The First Crusade

The First Crusade was a military campaign led by the Western Christianity from 1096 to 1099 to reclaim the Holy Lands which were taken in the Muslim victory of the Levant, which resulted in the recapture of Jerusalem. Pope Urban ll launched the campaign in 1095 with the focus of responding to an appeal from Byzantine Emperor Alexios l Komnenos, who requested western volunteers come to help ward of the invading Seljuq Turks from Anatolia.

The Christian reconquest of the sacred city of Jerusalem and the freeing of the Eastern Christians from Islamic rule became ultimately became the principal goal. Many nations of Western Europe travelled over land and sea, firstly to Constantinople and then on towards Jerusalem with the peasants outnumbering the knights. The peasants and knights were split into two armies, with the peasants not being as well trained as the knights they failed to reach Jerusalem.

An assault was launched onto the city when the knights arrived in Jerusalem, seizing the city in July 1099 and forming the crusader states of the Kingdom of Jerusalem, the Principality of Antioch, the Country of Edessa and the County of Tripoli.
The First Crusade was mainly concerned with Jerusalem, which had not been under Christian authority for 461 years and the Crusader army denied the Byzantine Empire control of the land.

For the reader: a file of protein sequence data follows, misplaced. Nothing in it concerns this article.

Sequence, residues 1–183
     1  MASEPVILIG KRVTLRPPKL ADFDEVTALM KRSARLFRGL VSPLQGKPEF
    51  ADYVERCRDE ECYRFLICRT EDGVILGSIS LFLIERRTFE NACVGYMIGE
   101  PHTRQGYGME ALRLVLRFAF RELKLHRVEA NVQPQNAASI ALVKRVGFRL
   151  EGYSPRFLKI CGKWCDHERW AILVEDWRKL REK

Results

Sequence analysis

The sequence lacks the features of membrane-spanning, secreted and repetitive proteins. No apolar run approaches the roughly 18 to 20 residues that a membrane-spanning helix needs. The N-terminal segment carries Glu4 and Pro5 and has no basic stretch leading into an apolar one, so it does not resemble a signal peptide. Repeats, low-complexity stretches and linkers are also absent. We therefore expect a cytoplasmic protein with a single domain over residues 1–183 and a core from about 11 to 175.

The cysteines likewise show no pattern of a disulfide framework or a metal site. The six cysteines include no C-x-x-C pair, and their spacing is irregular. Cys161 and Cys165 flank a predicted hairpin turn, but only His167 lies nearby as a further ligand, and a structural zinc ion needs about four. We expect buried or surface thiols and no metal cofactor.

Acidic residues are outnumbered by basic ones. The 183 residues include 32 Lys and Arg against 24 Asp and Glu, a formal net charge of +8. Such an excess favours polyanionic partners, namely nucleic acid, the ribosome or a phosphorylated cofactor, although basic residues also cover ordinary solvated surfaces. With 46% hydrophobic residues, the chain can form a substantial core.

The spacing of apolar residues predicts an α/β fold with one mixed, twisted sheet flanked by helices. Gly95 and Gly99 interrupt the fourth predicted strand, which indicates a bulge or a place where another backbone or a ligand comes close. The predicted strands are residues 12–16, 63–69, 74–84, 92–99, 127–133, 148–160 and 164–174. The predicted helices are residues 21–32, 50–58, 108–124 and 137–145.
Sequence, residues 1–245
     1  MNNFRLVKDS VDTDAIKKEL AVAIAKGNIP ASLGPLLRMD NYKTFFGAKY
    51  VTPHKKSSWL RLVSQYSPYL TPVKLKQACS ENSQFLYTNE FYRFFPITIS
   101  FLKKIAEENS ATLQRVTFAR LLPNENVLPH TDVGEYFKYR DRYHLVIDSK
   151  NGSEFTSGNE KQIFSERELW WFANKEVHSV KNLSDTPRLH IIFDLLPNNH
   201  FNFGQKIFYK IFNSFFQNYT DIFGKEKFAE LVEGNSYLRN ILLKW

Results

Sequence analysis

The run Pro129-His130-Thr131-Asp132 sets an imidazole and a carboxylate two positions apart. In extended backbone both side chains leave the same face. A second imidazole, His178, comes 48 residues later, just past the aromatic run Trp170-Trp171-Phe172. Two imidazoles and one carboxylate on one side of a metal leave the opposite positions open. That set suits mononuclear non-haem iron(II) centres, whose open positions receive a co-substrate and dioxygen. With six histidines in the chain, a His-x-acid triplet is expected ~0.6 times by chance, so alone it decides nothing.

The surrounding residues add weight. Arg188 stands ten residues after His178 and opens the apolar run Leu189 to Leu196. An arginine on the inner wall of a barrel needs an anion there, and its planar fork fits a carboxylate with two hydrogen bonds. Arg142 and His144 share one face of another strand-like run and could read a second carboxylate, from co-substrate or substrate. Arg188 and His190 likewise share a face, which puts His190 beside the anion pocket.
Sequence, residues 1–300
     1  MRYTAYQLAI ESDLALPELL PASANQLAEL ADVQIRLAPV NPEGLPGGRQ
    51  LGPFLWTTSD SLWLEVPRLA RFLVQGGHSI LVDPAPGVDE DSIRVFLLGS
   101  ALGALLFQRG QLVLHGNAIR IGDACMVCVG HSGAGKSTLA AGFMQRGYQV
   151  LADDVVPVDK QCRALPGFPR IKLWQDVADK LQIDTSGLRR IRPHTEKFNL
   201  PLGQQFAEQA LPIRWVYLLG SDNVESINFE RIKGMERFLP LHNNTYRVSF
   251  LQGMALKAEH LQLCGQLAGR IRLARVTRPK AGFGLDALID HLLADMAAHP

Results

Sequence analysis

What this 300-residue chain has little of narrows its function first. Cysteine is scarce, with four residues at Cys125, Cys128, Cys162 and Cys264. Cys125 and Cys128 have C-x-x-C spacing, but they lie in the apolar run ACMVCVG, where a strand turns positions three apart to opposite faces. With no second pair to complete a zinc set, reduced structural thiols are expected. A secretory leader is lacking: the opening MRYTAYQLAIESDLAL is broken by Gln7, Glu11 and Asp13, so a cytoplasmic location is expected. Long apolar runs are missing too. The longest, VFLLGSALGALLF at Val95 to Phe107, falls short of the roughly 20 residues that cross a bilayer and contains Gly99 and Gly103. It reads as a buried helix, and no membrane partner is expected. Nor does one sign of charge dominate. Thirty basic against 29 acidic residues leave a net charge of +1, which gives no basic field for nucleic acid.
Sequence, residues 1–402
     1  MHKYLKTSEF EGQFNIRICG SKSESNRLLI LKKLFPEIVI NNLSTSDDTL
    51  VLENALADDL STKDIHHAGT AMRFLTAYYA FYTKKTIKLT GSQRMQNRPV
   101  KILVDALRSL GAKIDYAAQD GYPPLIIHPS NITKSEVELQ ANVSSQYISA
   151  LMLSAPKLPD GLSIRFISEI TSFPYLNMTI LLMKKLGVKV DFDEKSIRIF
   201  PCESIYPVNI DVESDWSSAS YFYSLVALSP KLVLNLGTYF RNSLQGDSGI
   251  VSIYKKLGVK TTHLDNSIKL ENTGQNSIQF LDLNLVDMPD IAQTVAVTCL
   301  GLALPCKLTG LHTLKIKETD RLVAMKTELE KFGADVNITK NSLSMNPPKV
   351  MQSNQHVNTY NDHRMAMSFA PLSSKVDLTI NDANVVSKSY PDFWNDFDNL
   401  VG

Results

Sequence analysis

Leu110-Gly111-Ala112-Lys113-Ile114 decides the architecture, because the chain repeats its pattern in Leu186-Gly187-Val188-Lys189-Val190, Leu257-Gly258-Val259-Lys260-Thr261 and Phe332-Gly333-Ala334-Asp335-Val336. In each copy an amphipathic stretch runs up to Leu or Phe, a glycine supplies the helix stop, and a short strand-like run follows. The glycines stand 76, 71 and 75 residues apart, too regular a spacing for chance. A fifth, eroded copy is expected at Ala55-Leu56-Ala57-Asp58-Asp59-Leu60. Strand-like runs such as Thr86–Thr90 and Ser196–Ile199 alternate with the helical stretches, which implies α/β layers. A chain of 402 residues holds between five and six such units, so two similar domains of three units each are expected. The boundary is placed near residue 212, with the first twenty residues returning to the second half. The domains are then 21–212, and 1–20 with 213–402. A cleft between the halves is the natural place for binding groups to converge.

The First Crusade was in response to the Muslim conquests and was proceeded by the Second Crusade to the ninth Crusade, and the benefits made lasted for less than 200 years. It also was the first major advancement towards restoring international trade in the West since the decline of the Western Roman Empire. The Crusades have been most commonly linked to the social and political situation in the 11th century Europe. This involved the rise of a reform movement with the papacy, and the religious and political confrontation of Christianity and Islam in the Middle East and Europe. Christianity had expanded throughout Africa, Europe and the Middle East in Late Antiquity, but by the early 8th century it had  become restricted to Europe and Antatolia after the Muslim conquests.

Umayyad Caliphate had overcome Syria, Egypt and North Africa from the Christian Byzantine Empire, and Spain from the Visigothic Kingdom. The Ummayad empire eventually deteriorated and a number of smaller Muslim kingdoms emerged, that being the Aghlabids, whom attacked Italy in the 9th century.  The Principality of Catalonia, Pisa  and Genoa began to attack various Muslim kingdoms for command of the Mediterranean Basin, depicted by the Mahdia campaign and conquests at Majorca and Sardinia.

The First Crusade established the “crusader states” of Edessa, Antioch, Jerusalem, and Tripoli in Palestine and Syria. Those who had survived were treated as heroes back home in Western Europe, Jerusalem. The establishment of the crusader states in the east eased Seljuq pressure on the Byzantine Empire and resulted in a period of relative peace and prosperity in the 12th century.

The political instability and the dividing of the Great Seljuq Empire meant that it had prevented a coherent defence against the Latin states. There remained cooperation difficulties for many decades to come, from Egypt to Baghdad there were calls for the removal of the crusaders, which resulted in the recapture of Jerusalem under Saladin later on in the century.

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